Contained within this function are all electronics and optics necessary to convert the signals from the sensor function to their representative values. Additionally, inputs from third-party devices are included in this function.
The control function preferably operates under program control and is a state machine. A preferred control block embodiment can receive five inputs: (1) a set of inputs comprised of formatted sensor data as well as control, indicator, and diagnostic information from the signal processing function, (2) a set of inputs comprised of indicator information from tamper alarms, (3) a set of inputs comprised of control data as well as control, indicator, and diagnostic information from the telemetry function, (4) a set of inputs from the global positioning system, and (5) a set of inputs from the power function.
A preferred control block embodiment can also receive two inputs: (1) a set of outputs to the signal processing function and (2) a set of outputs to the telemetry function. The set of outputs to the signal processing function are used to acknowledge data sent from the signal processing function as well as to control the mode of operation of the signal processing function. The set of outputs to the telemetry function is used to transfer sensor data to the telemetry function as well as control information.
The control function is the “heart” of the RFU. Depending upon the mode of operation, the control function will orchestrate all inter-processor communications, diagnostic functions, as well as data formatting, storage, and relaying. Additionally, the control function will perform periodic “state-of-health” diagnostics of all system parameters to ensure proper operation. Finally, the control function formats system data into a desired data communications protocol or protocols, and translates incoming formats into system command sequences.
The telemetry function serves the purpose of transmitting data from the RFU as well as receiving data intended for the RFU. Telemetry can be implemented through a variety of hardware implementations, depending upon the physical RFU geographic location or anticipated RFU functionality. Such hardware implementations can include, but are not limited to:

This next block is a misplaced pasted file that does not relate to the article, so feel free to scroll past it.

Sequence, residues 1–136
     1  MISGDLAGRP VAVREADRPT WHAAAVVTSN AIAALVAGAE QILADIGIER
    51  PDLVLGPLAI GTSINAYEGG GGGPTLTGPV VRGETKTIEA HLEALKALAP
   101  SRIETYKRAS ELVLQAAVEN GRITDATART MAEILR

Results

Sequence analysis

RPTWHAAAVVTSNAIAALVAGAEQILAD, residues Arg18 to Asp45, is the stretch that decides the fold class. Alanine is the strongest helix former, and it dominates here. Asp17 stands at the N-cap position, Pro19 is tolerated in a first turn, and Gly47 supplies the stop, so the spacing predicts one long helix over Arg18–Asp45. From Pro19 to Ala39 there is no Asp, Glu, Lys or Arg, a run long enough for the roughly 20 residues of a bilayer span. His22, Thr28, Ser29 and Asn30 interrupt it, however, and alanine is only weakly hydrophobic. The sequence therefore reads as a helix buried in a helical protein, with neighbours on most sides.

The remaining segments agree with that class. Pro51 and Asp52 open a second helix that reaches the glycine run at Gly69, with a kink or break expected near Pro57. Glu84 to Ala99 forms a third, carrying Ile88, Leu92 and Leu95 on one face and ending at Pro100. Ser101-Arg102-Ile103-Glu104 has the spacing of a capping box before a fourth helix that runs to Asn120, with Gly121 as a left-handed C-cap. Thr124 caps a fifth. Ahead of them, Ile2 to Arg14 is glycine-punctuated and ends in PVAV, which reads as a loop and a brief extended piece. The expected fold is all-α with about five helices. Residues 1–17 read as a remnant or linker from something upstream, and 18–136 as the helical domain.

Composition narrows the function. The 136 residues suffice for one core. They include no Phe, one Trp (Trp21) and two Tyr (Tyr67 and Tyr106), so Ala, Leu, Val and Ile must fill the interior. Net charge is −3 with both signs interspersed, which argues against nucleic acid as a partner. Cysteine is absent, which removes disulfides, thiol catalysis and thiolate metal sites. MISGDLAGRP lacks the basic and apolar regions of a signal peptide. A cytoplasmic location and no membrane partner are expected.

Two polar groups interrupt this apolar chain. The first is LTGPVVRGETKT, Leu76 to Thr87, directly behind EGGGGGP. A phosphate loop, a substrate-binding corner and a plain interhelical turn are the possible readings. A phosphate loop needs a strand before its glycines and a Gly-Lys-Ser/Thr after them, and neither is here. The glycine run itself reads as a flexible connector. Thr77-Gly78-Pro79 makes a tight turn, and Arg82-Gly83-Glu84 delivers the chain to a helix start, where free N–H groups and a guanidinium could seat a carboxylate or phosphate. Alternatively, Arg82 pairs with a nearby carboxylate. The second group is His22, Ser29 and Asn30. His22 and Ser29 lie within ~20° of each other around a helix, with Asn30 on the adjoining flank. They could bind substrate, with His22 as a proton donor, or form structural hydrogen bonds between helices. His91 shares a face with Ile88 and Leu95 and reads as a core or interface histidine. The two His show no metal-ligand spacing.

(1) Wireline interface,
(2) Wireless point-to-point radio-frequency (PPRF) interface,
(3) Wireless cellular interface, and
(4) Wireless RF satellite interface.
Wireline interfaces are preferably implemented whenever there is a direct connection available to plain old telephone service, known in the telecom industry as POTS. This would allow the RFU to directly dial into the Internet/Intranet via a local service provider (ISP), and as of this writing, is the most cost-effective data transfer methodology.
Wireless PPRF interfaces are preferably implemented whenever POTS is not available. This configuration increases overall initial system costs due to the need for multiple transceivers, but over time becomes the next cost-effective data transfer methodology. An RFU would connect via direct radio link to a corresponding base unit, the latter directly connected to POTS.
An alternative PPRF implementation can allow an RFU to transmit data from other RFUs. In this embodiment, an RFU which is incapable of directly transmitting data to a base unit can transmit data to another RFU, which can in turn transmit received data, as well as data collected at the RFU, to another RFU or directly to a base unit, if such a base unit is available. An RFU receiving data from another RFU may store received data, or may open communications with another RFU or base station and retransmit such data as it is received.
Wireless cellular interfaces are preferably implemented when POTS is not available, PPRF is not desired or practical, and cellular coverage is assured. As with a POTS implementation, an RFU can directly dial into the Internet/Intranet via an ISP. This is the next mostly costly alternative due to the monthly charges of cellular airtime.
Finally, wireless RF satellite interfaces can be used any time the previous telemetry options are not available. This option represents the greatest cost to the customer due to the costs of satellite bandwidth usage.
The tamper function is incorporated into the RFU and provides alarm notification that the system is being tampered with or that diagnostics have failed. This is an output-only function that provides its status word to the control function.
The GPS function serves two purposes: (1) provide a very precise (<10e−5 second resolution) time stamp to the data, and (2), if the RFU is installed on a mobile platform, provide extremely accurate global positioning information for incorporation into the status word. The former is used to specifically time-correlate multiple RFU data sets at the network operations center, with the latter can be used by RFUs that are mobile in design (such as autonomous underwater vehicles).
The power system can be driven from standard electrical or battery power where delivery and maintenance of such power is economically feasible. Alternatively, power can be generated at or near an RFU through a variety of alternative energy means, including, but not limited to, solar power, hydrodynamic power, or windmills. The latter represents the most probable solution for the majority of the RFUs.